President of Yale University: University Value in Turbulent Times

At the opening ceremony in the fall of 2020, Yale University President Peter Salovey delivered a speech via video. He said that the new school year began in a turbulent period, and social conflicts and the epidemic have changed everything. In the face of these severe social problems, he has been thinking about what role universities should play. The following is an excerpt from the speech:

“The important significance of academic research, education, protection and practice is to help us understand the past, so that we can find what we still need to do based on the hard-won achievements of our predecessors and bring about change.

“Faced with such challenges, you will follow the teacher to learn how to analyze problems, how to think critically, and how to express your views clearly. In this process, we also hope that you can pay attention to yourself. Whether you are fighting the global epidemic or Racial conflicts, global climate change, or economic recession, we must be honest about our motives, open our minds, and embrace change. To effectively solve these urgent problems, we must follow the right leaders, not those who have nothing. People who are compassionate and do not know how to cooperate cannot follow those who try to achieve change through manipulation, coercion, and violence.

“Empathy and compassion refer to our desire to communicate with those we have never met, and our worries for those who have encountered misfortune. This is a prerequisite for cooperation. Cooperation means that we work together to solve common problems. The right problem, especially when it is difficult to handle it alone. This requires us to listen to each other in a friendly manner, respect each other’s opinions, and put aside the prejudice that we thought would be difficult to work together at first.

“Let us join hands to meet the existing and the challenges that may arise in the future, and create the world we want.”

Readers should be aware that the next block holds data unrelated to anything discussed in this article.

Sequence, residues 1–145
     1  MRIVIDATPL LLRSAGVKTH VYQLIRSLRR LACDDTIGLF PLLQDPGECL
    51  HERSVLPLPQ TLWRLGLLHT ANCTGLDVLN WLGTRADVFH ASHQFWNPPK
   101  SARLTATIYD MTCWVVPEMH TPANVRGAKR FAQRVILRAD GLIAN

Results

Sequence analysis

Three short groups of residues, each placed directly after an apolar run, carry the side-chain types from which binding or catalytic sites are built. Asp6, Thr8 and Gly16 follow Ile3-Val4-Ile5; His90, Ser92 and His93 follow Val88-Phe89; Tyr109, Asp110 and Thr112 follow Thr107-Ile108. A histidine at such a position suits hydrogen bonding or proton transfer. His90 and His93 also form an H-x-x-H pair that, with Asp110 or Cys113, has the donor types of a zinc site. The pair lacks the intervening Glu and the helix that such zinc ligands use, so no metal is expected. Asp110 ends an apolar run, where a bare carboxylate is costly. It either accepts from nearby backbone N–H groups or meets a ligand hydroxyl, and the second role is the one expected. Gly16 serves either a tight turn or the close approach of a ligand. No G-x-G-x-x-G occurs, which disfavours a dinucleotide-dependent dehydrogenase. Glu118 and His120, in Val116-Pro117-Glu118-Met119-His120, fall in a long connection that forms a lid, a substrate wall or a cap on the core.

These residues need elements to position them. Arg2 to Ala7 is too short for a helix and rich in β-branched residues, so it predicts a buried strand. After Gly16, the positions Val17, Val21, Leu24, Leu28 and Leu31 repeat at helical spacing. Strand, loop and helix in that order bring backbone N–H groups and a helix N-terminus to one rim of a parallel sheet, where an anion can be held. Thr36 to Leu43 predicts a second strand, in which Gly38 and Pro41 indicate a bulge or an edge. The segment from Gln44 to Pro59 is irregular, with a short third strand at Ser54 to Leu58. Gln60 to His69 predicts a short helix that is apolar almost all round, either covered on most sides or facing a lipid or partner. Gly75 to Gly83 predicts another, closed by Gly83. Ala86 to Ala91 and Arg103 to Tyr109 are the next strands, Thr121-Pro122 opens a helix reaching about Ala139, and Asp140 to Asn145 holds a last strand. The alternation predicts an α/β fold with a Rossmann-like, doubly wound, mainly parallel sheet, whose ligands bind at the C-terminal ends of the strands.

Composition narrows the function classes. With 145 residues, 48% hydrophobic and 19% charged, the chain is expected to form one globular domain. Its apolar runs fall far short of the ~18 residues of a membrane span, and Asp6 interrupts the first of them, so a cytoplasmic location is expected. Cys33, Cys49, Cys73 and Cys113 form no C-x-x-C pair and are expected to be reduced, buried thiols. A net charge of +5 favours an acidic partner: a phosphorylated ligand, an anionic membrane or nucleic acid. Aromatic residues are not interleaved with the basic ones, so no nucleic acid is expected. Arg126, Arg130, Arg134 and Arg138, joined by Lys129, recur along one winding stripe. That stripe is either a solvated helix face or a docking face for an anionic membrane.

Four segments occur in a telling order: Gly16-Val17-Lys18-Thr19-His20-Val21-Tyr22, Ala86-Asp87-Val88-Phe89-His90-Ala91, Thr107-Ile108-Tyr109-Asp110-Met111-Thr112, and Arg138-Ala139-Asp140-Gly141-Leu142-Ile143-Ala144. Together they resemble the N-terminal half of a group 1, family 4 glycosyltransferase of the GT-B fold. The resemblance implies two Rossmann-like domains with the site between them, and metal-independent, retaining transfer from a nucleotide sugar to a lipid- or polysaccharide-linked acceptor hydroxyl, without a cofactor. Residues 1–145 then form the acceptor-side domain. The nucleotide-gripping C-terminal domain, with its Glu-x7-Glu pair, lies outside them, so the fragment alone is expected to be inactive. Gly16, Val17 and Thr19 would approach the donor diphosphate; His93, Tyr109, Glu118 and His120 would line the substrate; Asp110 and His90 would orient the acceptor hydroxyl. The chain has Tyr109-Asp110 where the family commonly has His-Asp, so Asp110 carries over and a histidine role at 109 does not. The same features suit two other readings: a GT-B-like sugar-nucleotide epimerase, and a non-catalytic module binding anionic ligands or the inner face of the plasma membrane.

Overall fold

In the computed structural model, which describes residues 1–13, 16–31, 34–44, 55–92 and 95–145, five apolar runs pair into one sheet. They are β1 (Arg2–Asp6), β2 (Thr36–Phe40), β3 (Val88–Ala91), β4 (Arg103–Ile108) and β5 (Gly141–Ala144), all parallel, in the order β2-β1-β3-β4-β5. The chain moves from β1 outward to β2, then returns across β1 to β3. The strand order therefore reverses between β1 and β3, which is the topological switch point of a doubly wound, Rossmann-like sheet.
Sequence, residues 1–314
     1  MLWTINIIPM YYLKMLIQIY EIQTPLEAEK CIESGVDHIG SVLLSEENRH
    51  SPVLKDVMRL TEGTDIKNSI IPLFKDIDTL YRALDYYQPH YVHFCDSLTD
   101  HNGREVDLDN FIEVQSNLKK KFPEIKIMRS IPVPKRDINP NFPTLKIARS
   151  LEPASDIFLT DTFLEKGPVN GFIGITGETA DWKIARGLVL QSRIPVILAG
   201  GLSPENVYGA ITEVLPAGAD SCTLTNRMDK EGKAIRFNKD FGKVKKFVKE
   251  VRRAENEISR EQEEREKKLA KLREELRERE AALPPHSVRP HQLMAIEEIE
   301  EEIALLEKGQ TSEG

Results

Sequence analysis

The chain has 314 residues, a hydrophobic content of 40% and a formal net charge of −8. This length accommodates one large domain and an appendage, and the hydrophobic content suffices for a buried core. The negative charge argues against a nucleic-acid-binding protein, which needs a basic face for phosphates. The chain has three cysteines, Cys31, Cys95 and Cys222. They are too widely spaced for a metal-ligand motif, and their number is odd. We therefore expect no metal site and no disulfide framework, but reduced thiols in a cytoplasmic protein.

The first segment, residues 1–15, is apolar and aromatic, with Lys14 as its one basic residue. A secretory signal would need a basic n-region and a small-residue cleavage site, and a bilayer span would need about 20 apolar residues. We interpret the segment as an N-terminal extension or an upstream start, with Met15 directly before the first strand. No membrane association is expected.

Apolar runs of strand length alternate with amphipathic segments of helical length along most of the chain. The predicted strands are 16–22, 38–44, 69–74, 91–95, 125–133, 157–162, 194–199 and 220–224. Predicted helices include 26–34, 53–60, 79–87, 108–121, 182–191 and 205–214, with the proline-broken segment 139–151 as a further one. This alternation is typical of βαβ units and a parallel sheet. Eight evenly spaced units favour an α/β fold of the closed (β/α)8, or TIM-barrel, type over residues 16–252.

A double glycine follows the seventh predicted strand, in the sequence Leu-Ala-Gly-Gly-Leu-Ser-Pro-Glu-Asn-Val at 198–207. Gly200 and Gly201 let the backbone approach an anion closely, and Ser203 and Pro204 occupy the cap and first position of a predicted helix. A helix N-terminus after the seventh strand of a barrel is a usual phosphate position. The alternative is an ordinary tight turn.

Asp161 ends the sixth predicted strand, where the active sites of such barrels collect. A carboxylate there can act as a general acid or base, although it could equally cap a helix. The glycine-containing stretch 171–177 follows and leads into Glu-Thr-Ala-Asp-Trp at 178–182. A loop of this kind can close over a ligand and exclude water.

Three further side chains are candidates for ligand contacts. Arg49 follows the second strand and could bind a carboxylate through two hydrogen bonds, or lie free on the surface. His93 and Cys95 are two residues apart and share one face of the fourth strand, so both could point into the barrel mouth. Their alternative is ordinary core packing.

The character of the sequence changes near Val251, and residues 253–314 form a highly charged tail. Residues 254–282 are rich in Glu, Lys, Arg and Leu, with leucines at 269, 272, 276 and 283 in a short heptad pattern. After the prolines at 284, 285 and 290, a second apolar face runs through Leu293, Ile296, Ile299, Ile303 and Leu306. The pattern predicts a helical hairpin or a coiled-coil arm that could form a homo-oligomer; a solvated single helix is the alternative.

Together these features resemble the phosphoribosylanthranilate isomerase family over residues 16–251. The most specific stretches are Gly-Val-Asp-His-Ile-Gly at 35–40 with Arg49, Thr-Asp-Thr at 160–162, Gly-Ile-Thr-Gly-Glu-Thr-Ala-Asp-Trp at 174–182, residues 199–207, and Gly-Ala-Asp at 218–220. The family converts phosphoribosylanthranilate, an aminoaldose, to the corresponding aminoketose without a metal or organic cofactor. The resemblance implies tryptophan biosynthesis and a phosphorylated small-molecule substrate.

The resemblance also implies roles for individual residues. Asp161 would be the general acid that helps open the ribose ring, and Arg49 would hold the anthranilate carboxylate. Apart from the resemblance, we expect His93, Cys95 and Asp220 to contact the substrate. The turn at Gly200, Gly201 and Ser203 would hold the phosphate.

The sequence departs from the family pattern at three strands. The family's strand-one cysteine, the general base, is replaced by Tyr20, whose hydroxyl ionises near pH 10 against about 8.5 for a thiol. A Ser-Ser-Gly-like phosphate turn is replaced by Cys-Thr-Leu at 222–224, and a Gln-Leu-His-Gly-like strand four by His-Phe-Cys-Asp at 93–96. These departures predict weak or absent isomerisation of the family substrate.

These voices are also worth listening to
Now that I have attracted your attention, don’t forget to vote on November 3.

—— On September 13, Chris Evans, the actor of Captain America in the Marvel movie series, posted a hot search on Twitter because he mistakenly posted screenshots of private photos on Instagram. Although he immediately deleted the photo, it still sparked discussion around the world. Two days later, Evans responded on Twitter and used his influence to call on Americans to actively participate in the election.

There are still cases of virus infection in China, travel restrictions are still in some areas, and international travel demand is almost zero, but this area has restored hotel occupancy rates to last year’s levels. This dispels people’s doubts about whether the global hotel industry can recover, because China has done it within this year.

——Marriot Hotel Group CEO Arne Sorenson said in an interview with National Public Television (NPR) that it will take three years for global business to recover, and the Chinese market is closest to normal.

I can’t say that China and the United States are interdependent. We benefit from each other. The United States sells jet engines and entertainment products. In the past, we wanted to sell expensive chips. This could create high-paying jobs. Forcing them to make chips on their own means that if it happens in the future Conflict, you not only give up those high-paying positions, but also force them to be completely self-sufficient. So, is this good?

– On September 15, Bill Gates said in an interview with Bloomberg.

China has the largest consumer group in the world. Although affected by the epidemic, the recovery of the Chinese economy on the demand side is slower than on the production side, but with the orderly liberalization of epidemic prevention and control measures, the recovery of consumer demand is expected to become the highlight of China’s economic growth in the second half of the year, and consumption will continue to exert economic growth pressure. The role of cabin stone.

——The words are from Wu Guoqiang, KPMG China Business Development Partner. KPMG conducted two surveys of many CEOs around the world at the beginning and the middle of this year. The results showed that after the outbreak of the new crown epidemic, the CEOs of some of the world’s most influential companies have regarded talent risks as one of the biggest risks to growth. At the same time, compared with CEOs of other countries, Chinese CEOs have more confidence in the development prospects of their own economy and enterprises.